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Interactive effects of biochar and AMF on plant growth and greenhouse gas emissions from wetland microcosms

Liang, Jin-Feng, An, Jing, Gao, Jun-Qin, Zhang, Xiao-Ya, Song, Ming-Hua, Yu, Fei-Hai
Geoderma 2019 v.346 pp. 11-17
Phragmites australis, ammonium nitrogen, biochar, carbon dioxide, chlorophyll, clones, ecosystems, greenhouse gas emissions, mycorrhizal fungi, nitrate nitrogen, nitrogen, nitrous oxide production, phytomass, plant growth, soil, wetland plants, wetlands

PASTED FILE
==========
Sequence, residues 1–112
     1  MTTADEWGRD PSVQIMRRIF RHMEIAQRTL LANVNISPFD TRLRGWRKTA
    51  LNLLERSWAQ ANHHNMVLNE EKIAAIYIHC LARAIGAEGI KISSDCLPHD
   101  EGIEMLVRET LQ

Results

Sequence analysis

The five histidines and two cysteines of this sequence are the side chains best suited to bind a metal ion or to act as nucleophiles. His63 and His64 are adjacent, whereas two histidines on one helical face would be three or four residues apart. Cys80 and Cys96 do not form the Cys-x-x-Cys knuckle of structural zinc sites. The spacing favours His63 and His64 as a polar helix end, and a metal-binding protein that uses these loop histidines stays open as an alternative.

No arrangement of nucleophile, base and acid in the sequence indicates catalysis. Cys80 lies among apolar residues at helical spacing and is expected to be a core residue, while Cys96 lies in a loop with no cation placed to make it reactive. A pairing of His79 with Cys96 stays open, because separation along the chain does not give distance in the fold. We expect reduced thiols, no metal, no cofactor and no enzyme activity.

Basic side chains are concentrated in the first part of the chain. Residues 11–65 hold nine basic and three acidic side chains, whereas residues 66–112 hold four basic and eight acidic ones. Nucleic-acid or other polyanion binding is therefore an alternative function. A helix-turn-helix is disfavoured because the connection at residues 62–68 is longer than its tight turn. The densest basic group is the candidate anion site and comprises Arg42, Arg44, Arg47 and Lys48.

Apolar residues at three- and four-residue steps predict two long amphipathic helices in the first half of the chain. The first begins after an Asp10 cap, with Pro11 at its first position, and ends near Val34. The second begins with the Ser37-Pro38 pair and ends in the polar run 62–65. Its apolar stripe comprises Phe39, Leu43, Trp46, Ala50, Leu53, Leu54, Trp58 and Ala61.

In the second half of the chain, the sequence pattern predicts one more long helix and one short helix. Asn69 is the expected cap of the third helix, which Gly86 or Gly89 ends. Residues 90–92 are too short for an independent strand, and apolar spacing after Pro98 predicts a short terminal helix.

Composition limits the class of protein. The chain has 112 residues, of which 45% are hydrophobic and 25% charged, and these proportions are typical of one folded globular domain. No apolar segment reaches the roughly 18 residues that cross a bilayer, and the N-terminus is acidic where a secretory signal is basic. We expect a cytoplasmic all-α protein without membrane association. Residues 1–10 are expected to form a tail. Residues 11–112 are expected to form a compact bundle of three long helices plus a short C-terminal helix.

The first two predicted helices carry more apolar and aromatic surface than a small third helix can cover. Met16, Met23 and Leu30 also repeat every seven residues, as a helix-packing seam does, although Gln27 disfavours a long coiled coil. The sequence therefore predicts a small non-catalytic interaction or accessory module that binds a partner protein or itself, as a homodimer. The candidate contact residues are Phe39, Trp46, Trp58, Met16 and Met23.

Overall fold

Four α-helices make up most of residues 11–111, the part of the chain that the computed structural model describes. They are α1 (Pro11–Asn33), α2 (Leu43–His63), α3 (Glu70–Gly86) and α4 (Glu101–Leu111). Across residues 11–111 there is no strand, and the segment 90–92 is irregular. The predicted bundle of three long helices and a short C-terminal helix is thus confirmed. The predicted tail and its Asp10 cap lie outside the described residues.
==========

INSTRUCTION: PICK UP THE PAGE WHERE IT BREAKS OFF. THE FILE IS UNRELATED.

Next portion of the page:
Both biochar and arbuscular mycorrhizal fungi (AMF) can affect plant growth, but little is known about how the interaction between biochar and AMF affects greenhouse gas emissions from plant-soil systems. We tested the hypotheses that biochar and AMF can interact to affect greenhouse gas emissions due to promoted plant biomass and changed soil N availability. We assembled microcosms, each initially grown with three ramets (vegetative individuals) of a clonal, wetland plant Phragmites australis, with or without AMF in soil and with or without biochar addition to soil. Biochar addition alone and AMF presence alone both significantly enhanced biomass of P. australis, but such effects became weaker when they were present simultaneously. The presence of AMF significantly decreased concentrations of chlorophyll and nitrogen (N) in P. australis and concentrations of NH4+-N, NO3−-N, inorganic N and total N in soil, but such effects became weaker when biochar was added to soil than when it was not. Biochar addition significantly increased concentrations of chlorophyll and N in P. australis when AMF were present, but had little impact when AMF were absent. The presence of AMF increased CO2 emission and CO2 equivalent independent of biochar addition. The presence of AMF also increased N2O emission when biochar was added, but decreased it when biochar was not added. We conclude that biochar addition and AMF presence can interact to affect plant growth and N uptake, soil N availability and greenhouse gas emissions from plant-soil ecosystems.